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Front Hum Neurosci. 2016 Aug 30;10:428. doi: 10.3389/fnhum.2016.00428. eCollection 2016.

Neurophysiologic Correlates of Post-stroke Mood and Emotional Control.

Author information

1
Spaulding Neuromodulation Center, Spaulding Rehabilitation Hospital, Harvard Medical School Boston, MA, USA.
2
Spaulding Neuromodulation Center, Spaulding Rehabilitation Hospital, Harvard Medical SchoolBoston, MA, USA; Physical and Rehabilitation Medicine Institute of the University of São Paulo, Medical School General HospitalSão Paulo, Brazil.
3
Physical and Rehabilitation Medicine Institute of the University of São Paulo, Medical School General Hospital São Paulo, Brazil.
4
Service of Interdisciplinary Neuromodulation, Laboratory of Neurosciences (LIM-27), Department and Institute of Psychiatry, University of São Paulo São Paulo, Brazil.

Abstract

OBJECTIVE:

Emotional disturbance is a common complication of stroke significantly affecting functional recovery and quality of life. Identifying relevant neurophysiologic markers associated with post-stroke emotional disturbance may lead to a better understanding of this disabling condition, guiding the diagnosis, development of new interventions and the assessments of treatment response.

METHODS:

Thirty-five subjects with chronic stroke were enrolled in this study. The emotion sub-domain of Stroke Impact Scale (SIS-Emotion) was used to assess post-stroke mood and emotional control. The relation between SIS-Emotion and neurophysiologic measures was assessed by using covariance mapping and univariate linear regression. Multivariate analyses were conducted to identify and adjust for potential confounders. Neurophysiologic measures included power asymmetry and coherence assessed by electroencephalography (EEG); and motor threshold, intracortical inhibition (ICI) and intracortical facilitation (ICF) measured by transcranial magnetic stimulation (TMS).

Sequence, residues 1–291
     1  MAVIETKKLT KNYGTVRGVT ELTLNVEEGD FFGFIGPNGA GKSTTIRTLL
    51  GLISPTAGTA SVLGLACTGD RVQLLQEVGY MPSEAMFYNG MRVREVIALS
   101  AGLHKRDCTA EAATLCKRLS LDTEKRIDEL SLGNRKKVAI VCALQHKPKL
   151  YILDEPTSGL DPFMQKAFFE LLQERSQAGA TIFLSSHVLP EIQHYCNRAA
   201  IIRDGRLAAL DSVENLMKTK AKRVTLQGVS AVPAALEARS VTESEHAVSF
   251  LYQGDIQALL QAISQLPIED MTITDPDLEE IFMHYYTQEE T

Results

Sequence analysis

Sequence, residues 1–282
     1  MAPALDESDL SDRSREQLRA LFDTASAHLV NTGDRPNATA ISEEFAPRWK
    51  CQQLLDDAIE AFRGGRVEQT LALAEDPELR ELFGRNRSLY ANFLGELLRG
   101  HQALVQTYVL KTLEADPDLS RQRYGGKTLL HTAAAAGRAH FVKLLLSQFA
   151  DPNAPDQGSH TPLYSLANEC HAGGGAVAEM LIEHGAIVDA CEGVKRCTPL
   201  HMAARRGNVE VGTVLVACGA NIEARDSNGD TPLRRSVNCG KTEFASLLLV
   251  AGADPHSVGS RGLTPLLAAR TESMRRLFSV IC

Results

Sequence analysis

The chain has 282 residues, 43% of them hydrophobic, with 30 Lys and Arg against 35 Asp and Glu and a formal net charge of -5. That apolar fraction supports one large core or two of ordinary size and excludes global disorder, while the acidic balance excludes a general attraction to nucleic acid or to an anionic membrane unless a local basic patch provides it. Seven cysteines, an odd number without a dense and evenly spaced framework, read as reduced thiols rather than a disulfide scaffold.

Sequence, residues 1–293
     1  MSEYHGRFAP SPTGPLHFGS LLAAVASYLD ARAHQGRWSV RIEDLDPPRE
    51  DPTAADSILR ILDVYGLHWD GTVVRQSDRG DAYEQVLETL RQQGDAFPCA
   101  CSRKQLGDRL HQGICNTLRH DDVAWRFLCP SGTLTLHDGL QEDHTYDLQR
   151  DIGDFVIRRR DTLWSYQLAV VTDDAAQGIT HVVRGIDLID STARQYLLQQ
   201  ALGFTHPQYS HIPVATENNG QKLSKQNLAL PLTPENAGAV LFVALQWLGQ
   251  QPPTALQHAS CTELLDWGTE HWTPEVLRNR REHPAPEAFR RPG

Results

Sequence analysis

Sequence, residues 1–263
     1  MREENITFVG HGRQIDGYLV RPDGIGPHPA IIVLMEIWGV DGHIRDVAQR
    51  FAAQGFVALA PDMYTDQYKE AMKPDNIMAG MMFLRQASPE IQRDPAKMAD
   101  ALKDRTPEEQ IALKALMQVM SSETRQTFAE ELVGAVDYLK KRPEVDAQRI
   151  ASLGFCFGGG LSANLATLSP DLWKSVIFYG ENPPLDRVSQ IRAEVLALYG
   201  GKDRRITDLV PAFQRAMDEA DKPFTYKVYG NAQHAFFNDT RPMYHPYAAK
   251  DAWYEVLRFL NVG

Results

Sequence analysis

RESULTS:

Lower scores on SIS-Emotion was associated with (1) frontal EEG power asymmetry in alpha and beta bands, (2) central EEG power asymmetry in alpha and theta bands, and (3) lower inter-hemispheric coherence over frontal and central areas in alpha band. SIS-Emotion also correlated with higher ICF and MT in the unlesioned hemisphere as measured by TMS.

CONCLUSIONS:

To our knowledge, this is the first study using EEG and TMS to index neurophysiologic changes associated with post-stroke mood and emotional control. Our results suggest that inter-hemispheric imbalance measured by EEG power and coherence, as well as an increased ICF in the unlesioned hemisphere measured by TMS might be relevant markers associated with post-stroke mood and emotional control which can guide future studies investigating new diagnostic and treatment modalities in stroke rehabilitation.

KEYWORDS:

chronic stroke; emotional disturbance; inter-hemispheric connectivity; power asymmetry; qEEG

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